There's a new search engine on the scene that thinks it's time consumers "got some answers."

There's a new search engine on the scene that thinks it's time consumers "got some answers." The recently debuted Swingly is designed to give searchers direct answers instead of links to pages with relevant information.

In a blog post, Swingly explained yesterday that it aims to be the search alternative for consumers who want the facts. "While keyword-based search is great for a lot of things, there are times when it just lets us all down," says Swingly. This is where its semantic search comes in.

The opt-in beta site lets users type questions instead of keywords and get the answer or answers they need. The site has some human-generated results, including answers culled from tweets or Wikipedia, but it claims to set itself apart from community-based search services, such as Facebook Questions or the new social search offered by, with its natural language processing feature. Swingly generates results from the text in reliable web documents it has indexed and shows searchers these snips instead of links, pairing direct answers with users' questions.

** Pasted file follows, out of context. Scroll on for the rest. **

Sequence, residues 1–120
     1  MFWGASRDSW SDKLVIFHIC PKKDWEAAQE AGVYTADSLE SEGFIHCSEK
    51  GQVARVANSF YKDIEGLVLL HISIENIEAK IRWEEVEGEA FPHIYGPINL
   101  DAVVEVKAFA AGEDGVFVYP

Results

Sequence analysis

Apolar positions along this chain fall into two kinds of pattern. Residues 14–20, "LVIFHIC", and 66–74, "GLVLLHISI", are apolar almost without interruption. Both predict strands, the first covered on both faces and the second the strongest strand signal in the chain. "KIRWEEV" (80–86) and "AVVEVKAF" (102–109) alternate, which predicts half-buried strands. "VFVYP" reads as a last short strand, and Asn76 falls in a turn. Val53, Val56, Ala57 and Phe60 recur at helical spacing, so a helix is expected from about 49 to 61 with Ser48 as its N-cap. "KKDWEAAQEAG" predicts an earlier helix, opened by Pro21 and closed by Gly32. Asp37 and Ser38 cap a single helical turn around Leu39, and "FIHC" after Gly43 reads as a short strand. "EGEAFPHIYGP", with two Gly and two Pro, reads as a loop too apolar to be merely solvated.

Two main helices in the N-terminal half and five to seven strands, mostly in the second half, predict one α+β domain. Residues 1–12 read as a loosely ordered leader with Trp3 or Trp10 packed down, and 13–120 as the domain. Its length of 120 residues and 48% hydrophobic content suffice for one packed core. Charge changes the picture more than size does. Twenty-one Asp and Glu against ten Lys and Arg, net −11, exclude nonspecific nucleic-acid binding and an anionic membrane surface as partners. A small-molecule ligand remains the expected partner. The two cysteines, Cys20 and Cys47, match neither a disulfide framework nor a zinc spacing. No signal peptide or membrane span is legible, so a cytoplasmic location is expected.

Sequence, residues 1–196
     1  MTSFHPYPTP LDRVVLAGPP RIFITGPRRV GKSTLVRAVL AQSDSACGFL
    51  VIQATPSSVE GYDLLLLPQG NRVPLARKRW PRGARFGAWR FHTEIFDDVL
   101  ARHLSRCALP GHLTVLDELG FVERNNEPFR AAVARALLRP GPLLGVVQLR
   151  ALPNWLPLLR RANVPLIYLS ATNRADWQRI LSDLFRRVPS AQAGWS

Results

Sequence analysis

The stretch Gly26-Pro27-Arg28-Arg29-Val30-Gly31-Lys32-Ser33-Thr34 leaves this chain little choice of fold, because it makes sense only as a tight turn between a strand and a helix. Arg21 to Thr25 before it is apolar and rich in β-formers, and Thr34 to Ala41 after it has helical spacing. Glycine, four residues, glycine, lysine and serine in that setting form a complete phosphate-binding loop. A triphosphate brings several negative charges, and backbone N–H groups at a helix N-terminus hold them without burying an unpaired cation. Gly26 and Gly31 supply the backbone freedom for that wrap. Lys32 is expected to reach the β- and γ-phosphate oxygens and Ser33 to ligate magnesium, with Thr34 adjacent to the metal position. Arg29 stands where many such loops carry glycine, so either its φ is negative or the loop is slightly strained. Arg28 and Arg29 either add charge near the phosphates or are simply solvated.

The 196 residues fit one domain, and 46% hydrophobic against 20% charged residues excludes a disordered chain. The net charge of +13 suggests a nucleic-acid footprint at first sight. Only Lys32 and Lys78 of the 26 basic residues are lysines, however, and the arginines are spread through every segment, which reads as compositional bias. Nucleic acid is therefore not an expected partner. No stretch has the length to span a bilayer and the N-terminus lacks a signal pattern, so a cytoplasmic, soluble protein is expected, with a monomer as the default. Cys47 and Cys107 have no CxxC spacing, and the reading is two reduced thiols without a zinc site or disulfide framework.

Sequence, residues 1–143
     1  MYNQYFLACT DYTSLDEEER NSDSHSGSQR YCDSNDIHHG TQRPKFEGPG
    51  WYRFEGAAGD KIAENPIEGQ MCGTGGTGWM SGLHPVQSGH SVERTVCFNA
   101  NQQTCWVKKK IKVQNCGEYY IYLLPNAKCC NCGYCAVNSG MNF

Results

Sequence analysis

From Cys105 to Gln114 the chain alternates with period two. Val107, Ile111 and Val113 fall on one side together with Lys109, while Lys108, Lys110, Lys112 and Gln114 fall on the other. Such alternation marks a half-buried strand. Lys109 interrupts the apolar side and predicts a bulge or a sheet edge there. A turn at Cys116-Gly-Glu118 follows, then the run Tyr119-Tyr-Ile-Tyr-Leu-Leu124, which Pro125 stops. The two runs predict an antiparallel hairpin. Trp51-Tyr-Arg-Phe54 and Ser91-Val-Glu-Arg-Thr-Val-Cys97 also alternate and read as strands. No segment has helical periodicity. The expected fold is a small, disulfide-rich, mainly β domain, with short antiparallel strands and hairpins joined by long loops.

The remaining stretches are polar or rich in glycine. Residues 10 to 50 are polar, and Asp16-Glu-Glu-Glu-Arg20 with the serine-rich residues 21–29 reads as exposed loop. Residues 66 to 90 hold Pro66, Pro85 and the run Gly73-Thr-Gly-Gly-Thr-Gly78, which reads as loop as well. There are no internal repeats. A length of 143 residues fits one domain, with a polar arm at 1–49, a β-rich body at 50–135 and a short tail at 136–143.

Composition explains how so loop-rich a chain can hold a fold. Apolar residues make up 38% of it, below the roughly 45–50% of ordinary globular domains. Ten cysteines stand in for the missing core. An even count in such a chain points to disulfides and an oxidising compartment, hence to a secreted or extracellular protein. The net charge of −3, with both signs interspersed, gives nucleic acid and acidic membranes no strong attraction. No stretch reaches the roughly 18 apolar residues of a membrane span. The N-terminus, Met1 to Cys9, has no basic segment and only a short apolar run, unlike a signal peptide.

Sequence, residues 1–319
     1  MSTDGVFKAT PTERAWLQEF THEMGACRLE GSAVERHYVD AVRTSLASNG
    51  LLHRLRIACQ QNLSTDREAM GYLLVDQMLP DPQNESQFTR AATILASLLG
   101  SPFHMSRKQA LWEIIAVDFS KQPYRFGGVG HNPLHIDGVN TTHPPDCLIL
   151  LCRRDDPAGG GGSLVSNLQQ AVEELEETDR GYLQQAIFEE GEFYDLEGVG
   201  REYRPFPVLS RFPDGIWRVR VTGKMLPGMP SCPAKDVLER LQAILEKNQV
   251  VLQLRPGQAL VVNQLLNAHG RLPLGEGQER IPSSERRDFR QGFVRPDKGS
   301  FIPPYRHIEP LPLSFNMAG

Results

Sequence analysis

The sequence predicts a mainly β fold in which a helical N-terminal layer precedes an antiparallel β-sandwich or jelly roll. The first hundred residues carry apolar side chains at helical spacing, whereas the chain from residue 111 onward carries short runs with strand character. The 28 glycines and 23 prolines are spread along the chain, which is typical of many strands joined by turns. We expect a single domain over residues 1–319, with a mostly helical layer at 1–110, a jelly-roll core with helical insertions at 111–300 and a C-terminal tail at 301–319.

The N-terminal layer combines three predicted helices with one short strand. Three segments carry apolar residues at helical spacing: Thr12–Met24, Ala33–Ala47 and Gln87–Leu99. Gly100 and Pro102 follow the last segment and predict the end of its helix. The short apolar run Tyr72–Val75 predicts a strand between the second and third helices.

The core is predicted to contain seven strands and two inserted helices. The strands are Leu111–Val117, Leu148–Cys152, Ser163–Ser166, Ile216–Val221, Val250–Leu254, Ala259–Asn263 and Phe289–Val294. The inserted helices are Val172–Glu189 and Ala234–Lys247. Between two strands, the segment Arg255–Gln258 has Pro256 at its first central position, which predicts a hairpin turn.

Nonetheless, the site may not be as original as it claims. Some of the top search engines are making moves to offer consumers relevant content as answers to queries instead of links. Google acquired Metaweb earlier this year to find the connection between users' intentions and keywords, Yahoo is focusing on contextual searches to provide information that demonstrates "an understanding of the query" and Bing recently paired with Wolfram Alpha to give consumers quick, direct answers.

It seems that search engines are moving away from serving as the middlemen between consumers and the information they seek, instead positioning themselves as direct sources of answers. This increased focus on offering searchers relevant content should be an indication that marketers need to make their brands thought leaders and offer relevant, up-to-date industry info via their websites and social pages if they want to catch consumers' clicks and, ultimately, cash.

Katherine Griwert is Brafton's Marketing Director. She's practiced content marketing, SEO and social marketing for over five years, and her enthusiasm for new media has even deeper roots. Katherine holds a degree in American Studies from Boston College, and her writing is featured in a number of web publications.